Eddy and MacDonald with New Moon Producer/Director
 Robert Z. Leonard

His Larger Part Cut, Buster Keaton Can Still
 Be Glimpsed in New Moon Crowd Scenes 
New Moon is really operetta variant on Captain Blood, Jeanette buying as bond servant the impudent Eddy, who's that way because he's actually a duke on the run from usurpers. Here was MacDonald/Eddy outreach to action attendance, New Moon's second half given to slave revolt, storm at sea, and plethora of effects equal to biggest spectacle MGM laid forth to that time. It had been a play and then a 1930 film with Lawrence Tibbett and Grace Moore, neither done on anything like scale here. New Moon was guided for a first two weeks by W.S. Van Dyke, who then ceded to Robert Z. Leonard, latter taking screen credit. A director's hand weighed lighter at Metro. Ones like Leonard were there to shovel coal to furnace lit by a dominant producer, in this case also Leonard, his reward for having made success of previous MacDonald/Eddys. Theirs was a series sufficiently oiled to need less individual input than coordination of departments. MGM by 1940 was a committee-driven factory, and if New Moon is soulless for that, there is yet size and still-breathtaking craftsmanship to make the sit worthwhile. The show still runs in terrific HD on Warner Instant, and is available on DVD.

Monday, October 13, 2014

Movies Get Rougher In 1968

The Boston Strangler Squeezes Blood Off Headlines

Was this a first true-crime treatment of serial killing? It shocked in '68 for clinical detail re sex/mutilation aspect of DeSalvo murders, and memory still fresh of the horror made a hit ($8.3 million worldwide) of Fox's "tasteful" (said critics) treatment. Strangler was "Suggested For Mature Audiences," so we knew going in there'd be raw meat. Crime scenes are graphic as was dared at the time, and it startled to hear Henry Fonda, as chief investigator, inquire after "semen residue" on bodies. A new day indeed, as further evidenced by The Detective, also from Fox, where Frank Sinatra spoke plain on shock topics till then forbade by a weakening Code. One thing we understood about the soon-to-be ratings system was bets being off as to content; even some of what they rated "G," like for instance Dracula Has Risen From The Grave or The Impossible Years, was rough or sexy beyond what would have been tolerated a season or two before. I admit much of thrill in going to movies from '68 on was to see what walls they'd breach.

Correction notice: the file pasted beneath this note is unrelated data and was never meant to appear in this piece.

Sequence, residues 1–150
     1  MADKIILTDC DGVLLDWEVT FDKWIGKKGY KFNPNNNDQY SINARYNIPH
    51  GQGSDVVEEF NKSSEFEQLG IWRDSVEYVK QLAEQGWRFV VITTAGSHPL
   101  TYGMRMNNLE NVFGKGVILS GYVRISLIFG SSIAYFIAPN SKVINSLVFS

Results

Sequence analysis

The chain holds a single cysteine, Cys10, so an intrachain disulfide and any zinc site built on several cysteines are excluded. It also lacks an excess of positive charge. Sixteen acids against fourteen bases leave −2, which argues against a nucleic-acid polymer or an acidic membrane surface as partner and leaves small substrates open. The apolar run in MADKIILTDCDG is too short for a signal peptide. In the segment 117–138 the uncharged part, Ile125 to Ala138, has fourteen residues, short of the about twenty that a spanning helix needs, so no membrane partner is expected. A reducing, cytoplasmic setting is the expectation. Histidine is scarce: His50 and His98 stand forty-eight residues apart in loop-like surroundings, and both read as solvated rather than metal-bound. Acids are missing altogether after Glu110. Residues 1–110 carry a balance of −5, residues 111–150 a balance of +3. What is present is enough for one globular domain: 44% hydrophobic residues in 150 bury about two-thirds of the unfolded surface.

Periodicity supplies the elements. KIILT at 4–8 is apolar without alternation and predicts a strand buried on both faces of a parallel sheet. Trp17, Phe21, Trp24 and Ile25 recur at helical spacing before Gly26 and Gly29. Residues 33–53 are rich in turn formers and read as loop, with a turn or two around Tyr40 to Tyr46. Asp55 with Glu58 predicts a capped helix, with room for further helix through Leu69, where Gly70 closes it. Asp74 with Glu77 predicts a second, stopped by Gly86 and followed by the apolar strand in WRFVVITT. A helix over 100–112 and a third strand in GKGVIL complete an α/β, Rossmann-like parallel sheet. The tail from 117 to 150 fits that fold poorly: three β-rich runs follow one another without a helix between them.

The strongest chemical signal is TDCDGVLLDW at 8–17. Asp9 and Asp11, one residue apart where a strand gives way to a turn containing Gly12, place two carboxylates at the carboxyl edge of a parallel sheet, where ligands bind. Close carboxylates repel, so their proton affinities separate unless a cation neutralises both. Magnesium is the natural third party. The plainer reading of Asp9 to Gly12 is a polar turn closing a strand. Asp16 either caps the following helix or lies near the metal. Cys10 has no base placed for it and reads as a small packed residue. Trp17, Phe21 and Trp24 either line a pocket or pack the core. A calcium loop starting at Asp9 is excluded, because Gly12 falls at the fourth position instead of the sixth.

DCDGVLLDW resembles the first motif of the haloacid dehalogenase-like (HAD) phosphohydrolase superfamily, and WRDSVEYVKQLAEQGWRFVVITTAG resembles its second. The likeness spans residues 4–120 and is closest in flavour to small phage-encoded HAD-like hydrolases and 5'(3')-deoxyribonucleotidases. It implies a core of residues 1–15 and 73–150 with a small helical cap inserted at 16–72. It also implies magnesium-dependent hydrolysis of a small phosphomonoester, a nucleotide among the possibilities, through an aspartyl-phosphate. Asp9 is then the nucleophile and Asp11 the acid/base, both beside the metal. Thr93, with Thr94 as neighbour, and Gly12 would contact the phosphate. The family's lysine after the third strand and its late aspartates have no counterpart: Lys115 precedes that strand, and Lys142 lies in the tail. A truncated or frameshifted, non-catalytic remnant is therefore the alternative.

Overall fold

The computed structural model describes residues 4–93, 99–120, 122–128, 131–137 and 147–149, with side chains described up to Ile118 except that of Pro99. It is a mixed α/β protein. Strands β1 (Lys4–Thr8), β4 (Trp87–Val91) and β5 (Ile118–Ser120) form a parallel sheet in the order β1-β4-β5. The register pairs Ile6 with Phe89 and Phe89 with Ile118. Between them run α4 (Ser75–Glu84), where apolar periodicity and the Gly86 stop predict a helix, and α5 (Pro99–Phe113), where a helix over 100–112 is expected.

The Boston Strangler was one I sat alone watching at the Liberty on a weekday after school. Friends couldn't be bothered, and grown-ups were at work (hopefully) or home watching television. Matinees were being dropped in smaller towns but for weekends, but we persisted all the way to first Liberty closure in 1973 (a two-year blackout). Was it worth my sixty cents and that of three or four odd patrons to continue these 3:00 shows? I combo reviewed The Boston Strangler and a Parent Trap reissue for local press, the pair having played in succession over a past week. I should have pointed out how radically movies had changed in just seven years, but missed that point at fourteen. Strangler was jazzed up with split-screen visuals and action-reaction sharing halves of a Panavision screen, all of which played hell for techs who had to scan 16mm prints for TV use. Didn't Fox realize that a vast majority of public would see The Boston Strangler this way? But here seemed another device movies could use to differentiate from the tube, even if the trick plays trendy and more like distraction now.

The thing is neatly halved, killer pursuit in the first, arrest and analysis of DeSalvo for a (long) second. Think Psycho with an extra hour of Norman being interrogated and finally owning up to his/her dual personality. For many, The Boston Strangler is over once they catch DeSalvo. No more killings, suspense diminished, and we're left to verbal ping-pong twixt Henry Fonda and Tony Curtis, whose convincing perf was pride and joy for the actor in both his autbios. How he copped the prize was lots like Marlon Brando humbling self to be The Godfather four years later. Both stars were on downward sled, and while Brando's hit the dip then vaulted skyward, Curtis was largely back to copies of what had worked earlier for him and others (his first after The Boston Strangler: Those Daring Young Men In Their Jaunty Jalopies). Strangler can't help but engage, thanks to grim curiosity as nightmare unfolds, but its no patch on a modern variant like Zodiac, probably the best and most chilling of serial death watches (excepting M, of course).